Disney also faces the problem of attempting to unpick some of the licensing deals it already has in place. For example, The Simpsons, which Disney took control of following its $71bn deal to buy Rupert Murdoch’s Fox last year, is on its US service, but first-run UK rights will remain with Sky, now owned by Comcast, for the foreseeable future. Disney’s movies are also licensed to Sky: that deal expires this year, and the two companies are expected to announce a non-exclusive deal for Disney+ to be available on Sky’s platform.

As the streaming market becomes crowded, many expect weary viewers will reach “peak TV”. Analysts believe customers will settle on paying for perhaps five main services, more if some of the streaming services offer the option of being bundled, as Netflix does with Sky.

“As more and more competition emerges, there is certainly subscription fatigue setting in,” says Broughton. “Is Disney+ likely to make that core ‘must-watch’ group, whatever that number of subscriptions ends up being? I would say, ultimately, yes, they will.”


Mark Sweney

The GuardianTramp

Related Content

Article image
Disney’s stable of heroes dominates the big-screen galaxy
Investors criticised the studio’s deals with Pixar, Marvel and Lucasfilm, but the strategy has paid back 10 times over

Mark Sweney

22, Dec, 2019 @12:04 AM

Article image
The Disney empire strikes back at Netflix – but more rivals are set to enter the fray
Disney’s share price soared as customers signed up in their millions - but as costs rise, it will be a struggle for all players to survive in the crowded streaming universe

17, Nov, 2019 @7:30 AM

Article image
Disney superheroes join battle of the streaming services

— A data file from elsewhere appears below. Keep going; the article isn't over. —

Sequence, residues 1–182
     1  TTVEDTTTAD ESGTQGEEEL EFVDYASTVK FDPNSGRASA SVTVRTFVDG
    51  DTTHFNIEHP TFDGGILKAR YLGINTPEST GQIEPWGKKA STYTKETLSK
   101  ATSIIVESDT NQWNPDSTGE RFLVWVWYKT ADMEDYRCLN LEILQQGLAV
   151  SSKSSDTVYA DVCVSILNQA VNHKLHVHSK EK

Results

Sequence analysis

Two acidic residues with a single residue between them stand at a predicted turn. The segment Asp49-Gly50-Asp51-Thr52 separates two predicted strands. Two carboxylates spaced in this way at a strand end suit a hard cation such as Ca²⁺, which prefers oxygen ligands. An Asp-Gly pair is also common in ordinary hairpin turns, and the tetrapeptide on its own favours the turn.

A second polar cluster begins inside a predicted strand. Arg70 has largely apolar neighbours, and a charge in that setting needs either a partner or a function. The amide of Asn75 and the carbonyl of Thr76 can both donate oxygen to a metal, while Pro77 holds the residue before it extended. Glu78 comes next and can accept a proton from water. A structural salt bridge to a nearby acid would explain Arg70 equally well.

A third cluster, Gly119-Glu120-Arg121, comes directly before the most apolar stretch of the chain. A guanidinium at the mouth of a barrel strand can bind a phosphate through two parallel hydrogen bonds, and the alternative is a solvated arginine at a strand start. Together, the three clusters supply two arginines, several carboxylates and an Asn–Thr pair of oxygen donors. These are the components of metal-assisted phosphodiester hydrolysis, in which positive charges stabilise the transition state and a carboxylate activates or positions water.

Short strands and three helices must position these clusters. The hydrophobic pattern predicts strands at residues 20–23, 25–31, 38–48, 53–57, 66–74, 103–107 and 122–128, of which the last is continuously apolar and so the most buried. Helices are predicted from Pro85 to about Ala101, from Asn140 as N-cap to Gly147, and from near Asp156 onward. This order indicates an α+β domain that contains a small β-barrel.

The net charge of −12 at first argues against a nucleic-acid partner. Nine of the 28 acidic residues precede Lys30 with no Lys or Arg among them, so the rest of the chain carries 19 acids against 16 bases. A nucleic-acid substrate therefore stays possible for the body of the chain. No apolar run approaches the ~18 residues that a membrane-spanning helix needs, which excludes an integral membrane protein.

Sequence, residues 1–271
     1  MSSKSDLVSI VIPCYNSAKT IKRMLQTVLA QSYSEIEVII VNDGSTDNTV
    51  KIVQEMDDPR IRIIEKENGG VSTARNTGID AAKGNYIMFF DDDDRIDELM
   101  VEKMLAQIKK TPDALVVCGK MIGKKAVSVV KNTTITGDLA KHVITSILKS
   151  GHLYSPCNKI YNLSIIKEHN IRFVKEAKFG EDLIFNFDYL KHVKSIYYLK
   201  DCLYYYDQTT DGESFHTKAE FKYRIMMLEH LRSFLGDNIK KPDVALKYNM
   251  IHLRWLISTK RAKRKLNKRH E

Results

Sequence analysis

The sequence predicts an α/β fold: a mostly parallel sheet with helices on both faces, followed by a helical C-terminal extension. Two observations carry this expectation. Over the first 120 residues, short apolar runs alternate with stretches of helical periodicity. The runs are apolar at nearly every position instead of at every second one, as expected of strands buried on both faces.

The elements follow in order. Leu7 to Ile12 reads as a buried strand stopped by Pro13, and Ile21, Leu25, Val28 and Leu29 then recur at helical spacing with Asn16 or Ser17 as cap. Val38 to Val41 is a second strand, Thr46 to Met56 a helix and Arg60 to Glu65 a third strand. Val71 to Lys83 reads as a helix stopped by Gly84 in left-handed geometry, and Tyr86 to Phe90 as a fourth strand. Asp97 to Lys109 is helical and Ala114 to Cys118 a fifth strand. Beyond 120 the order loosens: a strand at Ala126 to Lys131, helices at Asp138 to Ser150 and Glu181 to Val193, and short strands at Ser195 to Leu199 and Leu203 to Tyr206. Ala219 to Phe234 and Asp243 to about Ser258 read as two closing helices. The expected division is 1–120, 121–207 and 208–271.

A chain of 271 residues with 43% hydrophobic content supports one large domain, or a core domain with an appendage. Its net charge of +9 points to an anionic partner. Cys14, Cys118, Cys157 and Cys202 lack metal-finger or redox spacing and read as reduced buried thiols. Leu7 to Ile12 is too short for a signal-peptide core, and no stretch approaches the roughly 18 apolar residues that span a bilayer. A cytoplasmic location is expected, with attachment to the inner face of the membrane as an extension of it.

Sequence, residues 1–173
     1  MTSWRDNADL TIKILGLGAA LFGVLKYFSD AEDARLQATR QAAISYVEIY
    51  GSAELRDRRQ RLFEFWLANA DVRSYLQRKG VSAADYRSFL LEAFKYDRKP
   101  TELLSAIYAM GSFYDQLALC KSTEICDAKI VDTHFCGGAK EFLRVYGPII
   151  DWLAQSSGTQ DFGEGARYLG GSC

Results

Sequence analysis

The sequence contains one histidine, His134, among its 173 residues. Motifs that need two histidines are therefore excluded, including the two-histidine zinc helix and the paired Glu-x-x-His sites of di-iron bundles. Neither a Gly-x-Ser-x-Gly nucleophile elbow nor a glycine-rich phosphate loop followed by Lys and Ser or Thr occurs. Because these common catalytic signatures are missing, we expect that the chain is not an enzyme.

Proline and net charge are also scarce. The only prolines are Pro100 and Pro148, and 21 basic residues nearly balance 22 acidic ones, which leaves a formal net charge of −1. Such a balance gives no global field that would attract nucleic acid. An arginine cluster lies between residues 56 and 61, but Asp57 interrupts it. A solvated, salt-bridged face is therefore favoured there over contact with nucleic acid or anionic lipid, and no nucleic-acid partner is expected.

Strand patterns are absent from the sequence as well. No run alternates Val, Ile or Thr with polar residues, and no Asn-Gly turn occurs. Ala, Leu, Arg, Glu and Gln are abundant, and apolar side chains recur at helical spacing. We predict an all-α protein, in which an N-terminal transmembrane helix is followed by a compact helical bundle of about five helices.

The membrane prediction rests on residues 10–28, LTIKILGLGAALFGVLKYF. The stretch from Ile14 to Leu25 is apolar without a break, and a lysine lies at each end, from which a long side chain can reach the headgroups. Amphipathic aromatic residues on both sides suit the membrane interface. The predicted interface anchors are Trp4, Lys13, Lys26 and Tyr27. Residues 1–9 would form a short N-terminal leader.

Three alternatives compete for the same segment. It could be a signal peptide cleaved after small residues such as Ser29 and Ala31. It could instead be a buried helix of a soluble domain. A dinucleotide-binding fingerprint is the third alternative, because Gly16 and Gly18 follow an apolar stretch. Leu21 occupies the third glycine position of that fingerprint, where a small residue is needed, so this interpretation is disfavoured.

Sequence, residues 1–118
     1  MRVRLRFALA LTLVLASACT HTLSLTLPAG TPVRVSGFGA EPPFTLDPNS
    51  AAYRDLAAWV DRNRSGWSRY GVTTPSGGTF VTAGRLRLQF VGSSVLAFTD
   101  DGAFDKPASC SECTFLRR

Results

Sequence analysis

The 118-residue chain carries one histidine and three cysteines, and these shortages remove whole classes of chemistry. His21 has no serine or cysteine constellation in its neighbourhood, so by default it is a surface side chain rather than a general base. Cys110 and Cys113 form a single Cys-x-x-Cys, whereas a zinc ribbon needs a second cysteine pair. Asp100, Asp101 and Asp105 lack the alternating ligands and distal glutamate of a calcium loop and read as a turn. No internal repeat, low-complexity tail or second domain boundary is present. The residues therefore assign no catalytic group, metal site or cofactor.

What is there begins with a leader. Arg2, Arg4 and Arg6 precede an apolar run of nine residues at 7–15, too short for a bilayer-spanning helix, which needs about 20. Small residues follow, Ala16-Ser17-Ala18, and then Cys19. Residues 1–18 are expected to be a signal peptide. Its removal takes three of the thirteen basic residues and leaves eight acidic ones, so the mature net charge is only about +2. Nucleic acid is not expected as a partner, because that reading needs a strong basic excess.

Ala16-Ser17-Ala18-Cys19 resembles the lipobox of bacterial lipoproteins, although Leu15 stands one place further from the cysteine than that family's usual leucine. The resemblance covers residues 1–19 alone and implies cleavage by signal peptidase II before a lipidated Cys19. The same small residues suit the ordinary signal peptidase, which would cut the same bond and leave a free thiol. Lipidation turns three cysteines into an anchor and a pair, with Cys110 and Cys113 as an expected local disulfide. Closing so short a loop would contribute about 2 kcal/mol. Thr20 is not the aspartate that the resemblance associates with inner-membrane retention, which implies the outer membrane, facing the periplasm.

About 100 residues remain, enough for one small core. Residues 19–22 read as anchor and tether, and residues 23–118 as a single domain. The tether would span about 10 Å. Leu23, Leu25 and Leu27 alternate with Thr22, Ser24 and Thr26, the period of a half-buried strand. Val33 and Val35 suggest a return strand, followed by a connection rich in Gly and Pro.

Fans of the Marvel and Star Wars franchises will be a key audience in the media group’s challenge to Netflix

Shane Hickey

03, Feb, 2019 @7:00 AM

Article image
Netflix will need its comic-book heroes: Disney may just have become a rival
Just as the streaming service acquired its own suite of cartoon characters, the entertainment giant announced plans to join the pay-TV business

Mark Sweney

13, Aug, 2017 @6:00 AM

Article image
Disney prepares to strike back at Netflix
Streaming service Disney+, launching in the US in autumn, is gambling billions on being able to see off a rival that already has 150 million subscribers worldwide

Mark Sweney

13, Apr, 2019 @3:00 PM

Article image
Second Covid wave will boost all streamers but Netflix may yet reign supreme
Despite competition from rivals, many think the ‘king of content’ will report healthy rates of new subscribers this week

Mark Sweney

17, Oct, 2020 @11:05 PM

Article image
If Netflix decided to show ads, revenues really might start streaming in
The company is pushing through a price rise as new rivals prepare to launch. But it could always fund itself another way

02, Jun, 2019 @6:00 AM

Article image
As government flounders, investors find a way to curb executive pay
An unlikely hero – the Investment Association – is wading into pension inequality with a simple, compelling proposition

24, Mar, 2019 @7:00 AM

Article image
Disney forecast to steal Netflix’s crown as world’s biggest streaming firm
On back of Disney+ service launched in 2019, company predicted to be No 1 by 2024

Mark Sweney

14, Mar, 2021 @3:15 PM

Article image
As cinemas go dark, the film industry may go straight to Netflix
Studios look ready to rush out movies online during the pandemic – but can the big blockbusters afford to?

Mark Sweney

22, Mar, 2020 @12:05 AM